Standing with the Crucified

Do you want to be totally united to the Crucified?
If you are serious about this,
you will be present, by the power of His Cross,
at every front, at every place of sorrow,
bringing to those who suffer, healing and salvation.
St. Teresa Benedicta a Cruce

Today is a day filled with challenges for me.

Nagasaki crucifix

Nagasaki crucifix

On August 9, 1945, the US dropped an atomic bomb on the city of Nagasaki and used the Catholic Cathedral as a point to help them determine the spot to drop the bomb.

Nagasaki was one of the great center of Catholicism in Japan, even preserving the faith after all the priests had left. On the day of the bombing, Catholics were gathered in the cathedral at Mass. There and throughout the city many innocent people were killed.

On August 9, 1943, Franz Jägerstätter, a Austrian peasant, was beheaded in Germany as “an enemy of the state.” Blessed Franz refused to serve in Hitler’s army because of his faith – despite the advice of priests, and bishop, and many others. He saw Nazism as a “train headed for hell” and refused to have part in it. For that decision of conscience he was executed by the state.

On August 9, 1942, Sister Teresa Benedicta a Cruce, Teresa blessed by the Cross, was killed in the gas chamber at Auschwitz. Born Edith Stein, a German Jew and philosopher, she became a Catholic after reading St. Teresa of Avila and later joined the Carmelites. She was sent from her Cologne to a Dutch convent for her safety. But after the Dutch bishops and other religious leaders spoke up against Nazi racial policies, she and her sister were deported to Auschwitz. Though she had a chance to escape to Switzerland, she refused to flee but sought to be with her people.

On August 9, 1991, two Polish Conventual Franciscan Friars Michał Tomaszek and Zbigniew Strzałkowski were killed by the Sendero Luminoso in the Andean parish where they ministered to and with the poor. As Father Michal (Miguel), wrote to a friend a few months before his killing: “You are not where you are now to understand the world, but to understand what the will of God is for you. It is a matter of being where you are supposed to be.”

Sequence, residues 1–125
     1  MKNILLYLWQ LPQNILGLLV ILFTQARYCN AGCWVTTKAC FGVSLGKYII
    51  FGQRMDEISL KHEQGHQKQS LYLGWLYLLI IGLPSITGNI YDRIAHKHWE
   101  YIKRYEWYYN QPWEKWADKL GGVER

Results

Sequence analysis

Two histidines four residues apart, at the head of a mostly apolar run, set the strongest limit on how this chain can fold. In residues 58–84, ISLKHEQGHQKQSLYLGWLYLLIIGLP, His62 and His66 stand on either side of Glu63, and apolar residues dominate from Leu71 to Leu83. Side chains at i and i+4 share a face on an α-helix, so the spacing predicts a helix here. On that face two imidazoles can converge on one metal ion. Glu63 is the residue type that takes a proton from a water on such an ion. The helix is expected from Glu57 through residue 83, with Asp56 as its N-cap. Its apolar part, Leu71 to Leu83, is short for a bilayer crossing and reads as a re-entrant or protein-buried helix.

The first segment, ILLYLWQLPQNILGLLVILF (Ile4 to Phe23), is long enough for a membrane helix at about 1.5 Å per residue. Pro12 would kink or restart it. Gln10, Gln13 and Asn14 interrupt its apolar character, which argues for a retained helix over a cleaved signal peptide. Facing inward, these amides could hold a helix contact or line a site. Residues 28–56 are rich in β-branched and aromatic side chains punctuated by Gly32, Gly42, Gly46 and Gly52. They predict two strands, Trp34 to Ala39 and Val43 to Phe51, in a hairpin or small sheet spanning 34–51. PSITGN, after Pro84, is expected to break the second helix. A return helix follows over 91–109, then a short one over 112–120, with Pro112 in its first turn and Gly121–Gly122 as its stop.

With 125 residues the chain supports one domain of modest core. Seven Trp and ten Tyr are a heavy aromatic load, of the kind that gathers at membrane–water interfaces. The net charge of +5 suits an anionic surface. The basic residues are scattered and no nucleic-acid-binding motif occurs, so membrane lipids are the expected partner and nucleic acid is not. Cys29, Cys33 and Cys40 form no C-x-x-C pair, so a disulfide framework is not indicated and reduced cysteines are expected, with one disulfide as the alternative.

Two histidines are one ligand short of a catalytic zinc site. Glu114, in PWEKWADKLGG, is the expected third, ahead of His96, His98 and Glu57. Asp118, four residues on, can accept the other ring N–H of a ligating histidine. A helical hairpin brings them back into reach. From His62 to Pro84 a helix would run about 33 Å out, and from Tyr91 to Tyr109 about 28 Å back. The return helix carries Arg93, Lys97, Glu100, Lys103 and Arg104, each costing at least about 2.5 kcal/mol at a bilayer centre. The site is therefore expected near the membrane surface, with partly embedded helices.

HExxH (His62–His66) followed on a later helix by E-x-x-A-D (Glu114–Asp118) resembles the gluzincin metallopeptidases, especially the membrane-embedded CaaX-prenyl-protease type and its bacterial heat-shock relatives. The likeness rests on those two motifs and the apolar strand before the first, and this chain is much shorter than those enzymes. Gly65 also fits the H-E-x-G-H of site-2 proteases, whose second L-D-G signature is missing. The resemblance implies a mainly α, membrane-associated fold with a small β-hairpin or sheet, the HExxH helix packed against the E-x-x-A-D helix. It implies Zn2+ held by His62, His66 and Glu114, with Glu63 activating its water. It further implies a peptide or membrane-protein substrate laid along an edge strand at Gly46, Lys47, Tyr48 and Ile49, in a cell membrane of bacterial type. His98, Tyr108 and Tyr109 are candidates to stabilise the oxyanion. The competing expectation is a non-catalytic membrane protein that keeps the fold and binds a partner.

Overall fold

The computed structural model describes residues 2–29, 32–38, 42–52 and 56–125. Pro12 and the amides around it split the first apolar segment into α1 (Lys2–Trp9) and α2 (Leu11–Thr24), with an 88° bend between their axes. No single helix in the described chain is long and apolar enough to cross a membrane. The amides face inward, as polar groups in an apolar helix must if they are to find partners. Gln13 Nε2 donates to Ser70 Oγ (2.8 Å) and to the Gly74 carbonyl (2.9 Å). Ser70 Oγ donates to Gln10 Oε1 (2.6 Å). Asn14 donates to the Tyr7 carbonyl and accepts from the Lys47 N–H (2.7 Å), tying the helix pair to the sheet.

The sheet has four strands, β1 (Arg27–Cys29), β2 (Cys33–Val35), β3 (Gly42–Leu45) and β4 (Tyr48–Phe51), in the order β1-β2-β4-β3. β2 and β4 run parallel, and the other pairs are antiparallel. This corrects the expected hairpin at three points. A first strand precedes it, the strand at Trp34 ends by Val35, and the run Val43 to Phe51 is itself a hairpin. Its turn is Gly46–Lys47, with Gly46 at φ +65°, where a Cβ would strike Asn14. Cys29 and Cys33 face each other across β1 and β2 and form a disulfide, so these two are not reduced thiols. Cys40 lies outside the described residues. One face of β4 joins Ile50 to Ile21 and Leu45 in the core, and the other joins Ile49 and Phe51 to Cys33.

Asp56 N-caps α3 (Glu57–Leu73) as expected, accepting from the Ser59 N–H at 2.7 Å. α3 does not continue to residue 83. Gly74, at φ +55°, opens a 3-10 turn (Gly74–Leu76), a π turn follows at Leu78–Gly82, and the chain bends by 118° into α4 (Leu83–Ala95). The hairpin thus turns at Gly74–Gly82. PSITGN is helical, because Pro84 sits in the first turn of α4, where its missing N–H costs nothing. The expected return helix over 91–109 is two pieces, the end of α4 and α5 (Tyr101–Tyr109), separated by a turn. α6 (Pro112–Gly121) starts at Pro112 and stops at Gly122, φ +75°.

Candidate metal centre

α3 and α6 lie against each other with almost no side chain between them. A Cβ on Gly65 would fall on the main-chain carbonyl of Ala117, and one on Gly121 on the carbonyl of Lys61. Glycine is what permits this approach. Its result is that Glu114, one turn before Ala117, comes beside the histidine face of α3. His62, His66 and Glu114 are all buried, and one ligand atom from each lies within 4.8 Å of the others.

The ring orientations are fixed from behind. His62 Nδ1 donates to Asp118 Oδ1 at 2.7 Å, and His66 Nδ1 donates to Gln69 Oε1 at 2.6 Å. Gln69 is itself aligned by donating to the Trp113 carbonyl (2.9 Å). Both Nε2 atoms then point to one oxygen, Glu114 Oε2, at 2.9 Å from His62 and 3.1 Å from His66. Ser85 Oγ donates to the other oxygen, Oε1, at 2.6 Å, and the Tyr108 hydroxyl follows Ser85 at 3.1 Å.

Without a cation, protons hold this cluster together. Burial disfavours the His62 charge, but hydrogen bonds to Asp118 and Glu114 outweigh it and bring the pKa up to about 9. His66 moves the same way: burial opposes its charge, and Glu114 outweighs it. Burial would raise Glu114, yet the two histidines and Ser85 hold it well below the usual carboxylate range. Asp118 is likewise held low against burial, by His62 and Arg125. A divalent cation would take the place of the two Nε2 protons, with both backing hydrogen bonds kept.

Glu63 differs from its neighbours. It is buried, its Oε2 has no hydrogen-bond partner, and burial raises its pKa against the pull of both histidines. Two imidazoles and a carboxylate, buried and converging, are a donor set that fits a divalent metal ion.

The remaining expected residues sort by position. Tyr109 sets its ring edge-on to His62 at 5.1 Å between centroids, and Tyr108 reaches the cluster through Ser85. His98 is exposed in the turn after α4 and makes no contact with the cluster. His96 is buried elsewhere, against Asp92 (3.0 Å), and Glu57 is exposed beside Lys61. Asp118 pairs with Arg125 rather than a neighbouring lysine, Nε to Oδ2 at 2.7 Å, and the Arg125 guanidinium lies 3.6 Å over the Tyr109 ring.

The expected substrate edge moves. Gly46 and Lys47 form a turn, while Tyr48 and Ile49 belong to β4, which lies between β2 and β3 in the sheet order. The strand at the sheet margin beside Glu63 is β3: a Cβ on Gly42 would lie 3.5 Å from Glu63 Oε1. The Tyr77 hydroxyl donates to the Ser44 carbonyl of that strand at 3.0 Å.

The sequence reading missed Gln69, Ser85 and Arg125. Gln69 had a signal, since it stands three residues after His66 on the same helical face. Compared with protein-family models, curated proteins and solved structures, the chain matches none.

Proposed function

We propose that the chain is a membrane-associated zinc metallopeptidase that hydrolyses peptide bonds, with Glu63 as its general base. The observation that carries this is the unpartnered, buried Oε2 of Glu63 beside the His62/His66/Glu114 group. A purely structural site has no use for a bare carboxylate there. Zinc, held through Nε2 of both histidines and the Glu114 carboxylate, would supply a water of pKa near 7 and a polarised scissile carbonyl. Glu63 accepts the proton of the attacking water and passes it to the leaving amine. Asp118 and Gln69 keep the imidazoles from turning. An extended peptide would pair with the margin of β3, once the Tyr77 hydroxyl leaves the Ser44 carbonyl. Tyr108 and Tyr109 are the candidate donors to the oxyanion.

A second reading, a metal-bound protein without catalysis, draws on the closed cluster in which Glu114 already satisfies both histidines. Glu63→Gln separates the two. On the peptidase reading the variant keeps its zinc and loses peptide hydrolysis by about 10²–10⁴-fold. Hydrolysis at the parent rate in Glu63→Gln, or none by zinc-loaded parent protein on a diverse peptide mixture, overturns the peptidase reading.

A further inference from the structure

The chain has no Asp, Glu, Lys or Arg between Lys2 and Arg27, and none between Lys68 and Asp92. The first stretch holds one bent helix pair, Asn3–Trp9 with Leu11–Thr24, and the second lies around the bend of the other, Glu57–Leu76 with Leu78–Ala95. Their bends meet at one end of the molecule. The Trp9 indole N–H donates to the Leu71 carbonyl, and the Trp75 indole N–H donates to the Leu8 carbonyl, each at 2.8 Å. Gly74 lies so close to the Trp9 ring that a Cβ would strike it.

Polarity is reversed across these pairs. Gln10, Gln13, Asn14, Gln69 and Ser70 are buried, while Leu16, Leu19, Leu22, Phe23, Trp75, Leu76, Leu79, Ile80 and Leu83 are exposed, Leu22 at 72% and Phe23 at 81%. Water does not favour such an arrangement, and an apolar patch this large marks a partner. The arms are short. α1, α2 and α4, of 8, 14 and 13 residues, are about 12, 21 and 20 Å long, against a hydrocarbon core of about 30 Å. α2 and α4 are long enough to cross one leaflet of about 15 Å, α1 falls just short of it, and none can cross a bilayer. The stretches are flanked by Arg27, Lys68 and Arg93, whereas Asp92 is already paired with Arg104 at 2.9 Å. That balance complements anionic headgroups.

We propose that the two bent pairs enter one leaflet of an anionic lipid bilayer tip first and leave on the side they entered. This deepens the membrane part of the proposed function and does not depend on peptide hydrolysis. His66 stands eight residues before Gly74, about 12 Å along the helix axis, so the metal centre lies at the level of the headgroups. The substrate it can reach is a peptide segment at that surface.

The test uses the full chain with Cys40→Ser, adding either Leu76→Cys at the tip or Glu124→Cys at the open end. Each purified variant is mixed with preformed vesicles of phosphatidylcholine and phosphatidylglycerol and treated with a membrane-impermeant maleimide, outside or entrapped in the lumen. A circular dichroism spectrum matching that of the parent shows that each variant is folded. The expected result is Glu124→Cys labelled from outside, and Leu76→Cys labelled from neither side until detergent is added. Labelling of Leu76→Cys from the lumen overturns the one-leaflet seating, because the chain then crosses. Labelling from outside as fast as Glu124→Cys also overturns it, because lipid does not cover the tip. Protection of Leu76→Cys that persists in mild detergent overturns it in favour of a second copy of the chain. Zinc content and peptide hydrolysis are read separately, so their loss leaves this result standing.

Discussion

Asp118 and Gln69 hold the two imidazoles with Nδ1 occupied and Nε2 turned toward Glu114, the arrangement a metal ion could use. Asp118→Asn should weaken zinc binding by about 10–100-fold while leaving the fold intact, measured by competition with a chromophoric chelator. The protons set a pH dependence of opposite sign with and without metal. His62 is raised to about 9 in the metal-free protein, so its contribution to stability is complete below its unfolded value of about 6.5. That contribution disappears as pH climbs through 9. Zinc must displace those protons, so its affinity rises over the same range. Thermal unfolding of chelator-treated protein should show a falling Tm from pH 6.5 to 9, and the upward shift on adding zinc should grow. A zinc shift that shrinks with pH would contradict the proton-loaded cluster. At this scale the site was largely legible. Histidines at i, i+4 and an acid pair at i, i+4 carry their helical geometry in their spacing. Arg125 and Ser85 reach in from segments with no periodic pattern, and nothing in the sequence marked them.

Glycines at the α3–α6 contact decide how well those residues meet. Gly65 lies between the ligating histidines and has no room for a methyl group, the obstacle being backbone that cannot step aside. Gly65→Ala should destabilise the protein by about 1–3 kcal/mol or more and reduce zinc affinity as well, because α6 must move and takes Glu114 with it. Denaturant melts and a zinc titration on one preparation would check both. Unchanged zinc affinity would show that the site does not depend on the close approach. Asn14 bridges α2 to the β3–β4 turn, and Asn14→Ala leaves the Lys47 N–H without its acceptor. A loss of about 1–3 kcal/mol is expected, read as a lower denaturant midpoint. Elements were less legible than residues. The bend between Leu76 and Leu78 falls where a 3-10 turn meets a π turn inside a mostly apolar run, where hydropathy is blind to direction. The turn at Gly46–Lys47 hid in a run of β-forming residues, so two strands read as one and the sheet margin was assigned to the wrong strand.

Recalling these persons and these events, I feel a renewed calling to be a witness to the Crucified Christ and the crucified peoples of the world – by being here in their midst. May God give me the courage and gentleness to persevere.


The quotation from St. Edith Stein comes from Robert Ellsberg’s  All Saints.

2 responses to “Standing with the Crucified

  1. Liam,
    Thank you for your comments.

    This post was poignant for me since I got a note from a friend, the mother of a godchild, who is Japanese and comes from Hiroshima. She wrote briefly of her mother’s experience on the day of the bombing. Her husband, a professor of physics (I think), has taught a number of classes on nuclear weapons and disarmament. I know them from Iowa State University where I was a campus minister.

    When we allow the suffering people to become real for us, I think that’s when conversion can happen. I continue to pray for peace and nuclear disarmament.

    I don’t think I shared that in 1980 I worked in Vermont with the Vermont Ecumenical Council as the peace coordinator, working specifically on the issue of nuclear weapons.


  2. Thank you, John, for this posting.
    I think I told you that I worked in Nagasaki for 8 years in the ’80s. The parish where I worked had been part of the Urakami Cathedral parish at the time of the bomb. Ground Zero was one mile from our friary as the crow flies. Some of my parishioners bore on their bodies burn scars from the bomb. Many times when preparing for funerals I’d ask family members what was the cause of death and they’d tell me, “原爆病” (Genbaku-byo – “Atom Bomb Disease”) – shorthand for any disease known to be caused by A-bomb radiation and that necessitates medical treatment.
    It was a strange feeling to lead the prayers and to console the family and friends of someone who died of a disease caused by a weapon invented by my own country a few years before I was born.
    It is my sincere prayer that these weapons are never used again, and that we do all we can to prevent war in the future.

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